By DAVID JONES
ALWAYS STYLISH: Miss Jackson’s president Deborah Palazzo shows off some of the newer garments offered by the famous shop founded almost a century ago. Palazzo has been in New York City recently looking for the latest and finest in fashions and accessories.
DAVID JONES for GTR Newspapers
Nelle Shields Jackson never met Deborah Palazzo. After all, the latter was a toddler when Nelle died. But one has the feeling the two would have gotten along famously.
They both share the twin goals of service and elegance, and Palazzo is uniquely qualified to carry on Jackson’s goals: She has been, since 2001, the president of Miss Jackson’s, the shop that for decades has served Tulsa’s needs for taste and refinement since Jackson began it in 1907.
Who knows where Palazzo would be now if, back in 1907, Mrs. J. H. Evans hadn’t wandered into McCreery and Company’s department store in Pittsburgh, PA. It was a day when the sky was filled with a choking black dust that came from the coal burning all around. It just so happened that Nelle Jackson was working there as a personal shopper and was assigned to help Mrs. Evans.
“You should come to Tulsa,” Mrs. Evans advised Miss Jackson.
“Does the sun shine there?” Miss Jackson asked.
“Does the sun shine there? Not only does the sun shine all day long but you should see our glorious sunsets.”
It must have been a convincing argument. Within weeks Miss Jackson had turned her back on the crime-ridden, coal-clogged environs of Pittsburgh, population 322,000, for the pristine vistas of Tulsa, Indian Territory, population a shade under 8,000.
Many Tulsans know the rest of the story. Within two years she had opened her own shop, the oil boom gave her a host of wealthy clients, she earned a reputation for demanding and providing excellence and in the giddy economic surge of Tulsa in the 1920s she prospered.
Miss Jackson died in 1966 but her name has lived on as the peak of high fashion in Tulsa.
The store has undergone some fascinating ownership changes. Purchased in 1962 by A. Ray Smith whose other holdings included the Tulsa (baseball) Oilers, it was quickly sold to the Vandever Company, which moved it to Utica Square from downtown. From there it was purchased by the Fisher family and then, in 2001, by Utica Square Shopping Center. Through it all Miss Jackson’s remained a fashion plate.
So what is the season going to look like as Tulsa heads into the second century of Miss Jackson’s influence on the fashion scene?
“Younger,” is Palazzo’s terse answer. “We are changing while being careful not to alienate our existing clientele. We’re reaching out to a younger demographic with a more contemporary selection. If you’re looking for words I’d use modern, a bit edgy, ageless.”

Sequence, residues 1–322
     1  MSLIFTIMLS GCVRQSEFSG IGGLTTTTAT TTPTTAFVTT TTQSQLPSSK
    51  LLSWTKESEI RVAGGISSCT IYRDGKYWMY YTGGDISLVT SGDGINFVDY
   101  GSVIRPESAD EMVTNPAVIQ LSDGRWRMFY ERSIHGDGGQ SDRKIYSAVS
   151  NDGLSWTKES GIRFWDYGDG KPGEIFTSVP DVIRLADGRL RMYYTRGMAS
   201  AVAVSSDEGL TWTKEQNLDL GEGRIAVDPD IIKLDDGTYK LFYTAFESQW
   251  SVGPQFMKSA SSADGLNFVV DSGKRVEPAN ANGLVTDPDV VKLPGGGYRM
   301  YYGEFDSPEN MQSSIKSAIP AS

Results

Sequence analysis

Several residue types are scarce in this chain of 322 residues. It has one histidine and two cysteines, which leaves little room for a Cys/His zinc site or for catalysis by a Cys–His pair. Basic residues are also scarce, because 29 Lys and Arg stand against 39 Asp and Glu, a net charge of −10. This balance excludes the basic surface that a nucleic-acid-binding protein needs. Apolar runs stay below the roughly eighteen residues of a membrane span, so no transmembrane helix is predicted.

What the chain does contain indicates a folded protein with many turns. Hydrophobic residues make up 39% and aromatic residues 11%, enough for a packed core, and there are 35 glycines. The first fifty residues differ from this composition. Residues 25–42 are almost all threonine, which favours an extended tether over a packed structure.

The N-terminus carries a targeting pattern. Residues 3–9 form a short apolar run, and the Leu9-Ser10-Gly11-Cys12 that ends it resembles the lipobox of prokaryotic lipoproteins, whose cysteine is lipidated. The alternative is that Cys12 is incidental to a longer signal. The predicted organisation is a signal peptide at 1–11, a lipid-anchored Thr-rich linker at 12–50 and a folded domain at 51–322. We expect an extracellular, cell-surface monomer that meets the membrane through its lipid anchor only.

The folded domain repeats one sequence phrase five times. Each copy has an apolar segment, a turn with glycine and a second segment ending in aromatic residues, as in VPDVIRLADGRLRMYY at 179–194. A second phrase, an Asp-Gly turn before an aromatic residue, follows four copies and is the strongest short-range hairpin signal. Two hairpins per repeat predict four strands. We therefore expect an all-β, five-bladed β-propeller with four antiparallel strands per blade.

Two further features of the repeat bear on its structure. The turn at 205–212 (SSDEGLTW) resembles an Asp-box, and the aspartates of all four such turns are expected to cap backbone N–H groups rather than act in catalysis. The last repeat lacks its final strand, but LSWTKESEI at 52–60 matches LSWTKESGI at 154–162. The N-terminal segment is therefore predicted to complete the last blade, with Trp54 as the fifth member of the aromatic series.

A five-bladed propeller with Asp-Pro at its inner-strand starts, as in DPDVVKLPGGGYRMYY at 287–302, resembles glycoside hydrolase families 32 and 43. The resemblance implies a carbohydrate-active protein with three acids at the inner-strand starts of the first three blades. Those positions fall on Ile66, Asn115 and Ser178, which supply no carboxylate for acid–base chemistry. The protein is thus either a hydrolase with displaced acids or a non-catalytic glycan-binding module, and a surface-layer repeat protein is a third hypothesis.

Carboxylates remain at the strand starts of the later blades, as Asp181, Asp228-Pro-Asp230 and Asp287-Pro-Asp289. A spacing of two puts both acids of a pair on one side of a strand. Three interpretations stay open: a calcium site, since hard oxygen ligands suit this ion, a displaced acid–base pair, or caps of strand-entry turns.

Denim is a part of Miss Jackson’s scene, but these are denims Levi Strauss never envisioned. The prices range from $88 to $238.
“When I say young,” Palazzo says, “I’m thinking more in terms of attitude than calendar age. We will always emphasize beautiful fashions for any lifestyle.”
The retro look, she says, is in. Styles from the art deco of the ‘30s to the fashions of the ‘70s are popular but, Palazzo says, they’re not replicas. You won’t feel like you’ve wandered into the set of an old Joan Crawford movie.
“The styles of today incorporate pieces of those earlier times but are not slavishly reproducing them.”
The fashions, she says, are cross-generational. “It’s not unusual to have mothers and daughters walk into the store and leave with five dresses that they’ll share.”
Miss Jackson’s has clothing that would enhance any fashion model but they also have lines for the more amply endowed. “Designer dresses are not necessarily for tiny figures. We have clothing up to size 18 and can special order clothes up to size 22 in some lines.”
Miss Jackson’s is known for its women’s clothing but there is something for men as well. Where Bruce G. Weber used to have his jewelry corner Miss Jackson’s has added its own jewelry department, featuring a number of watches, rings and other accessories for both men and women. Their offerings of fine china and crystal continue along with a selection of cosmetics and fragrances.
“We even have scents from Santa Maria Novella in Florence, Italy,” Palazzo says. “These were first put together in the 15th or 16th century and so all the ingredients are natural. I think we’re only one of a dozen or so stores in the United States that carries them.”
Finding such items takes a lot of work, and Miss Jackson has five buyers who scour markets in New York, Dallas, Las Vegas, Atlanta and even London looking for the unusual and the magnificent. Each buyer is in charge of selling what he or she selects.
And so Miss Jackson’s heads into its second century, its standards undiluted by the passage of time.
Think what Tulsa might have missed if on that long-ago day in Pittsburgh the sky had been clear.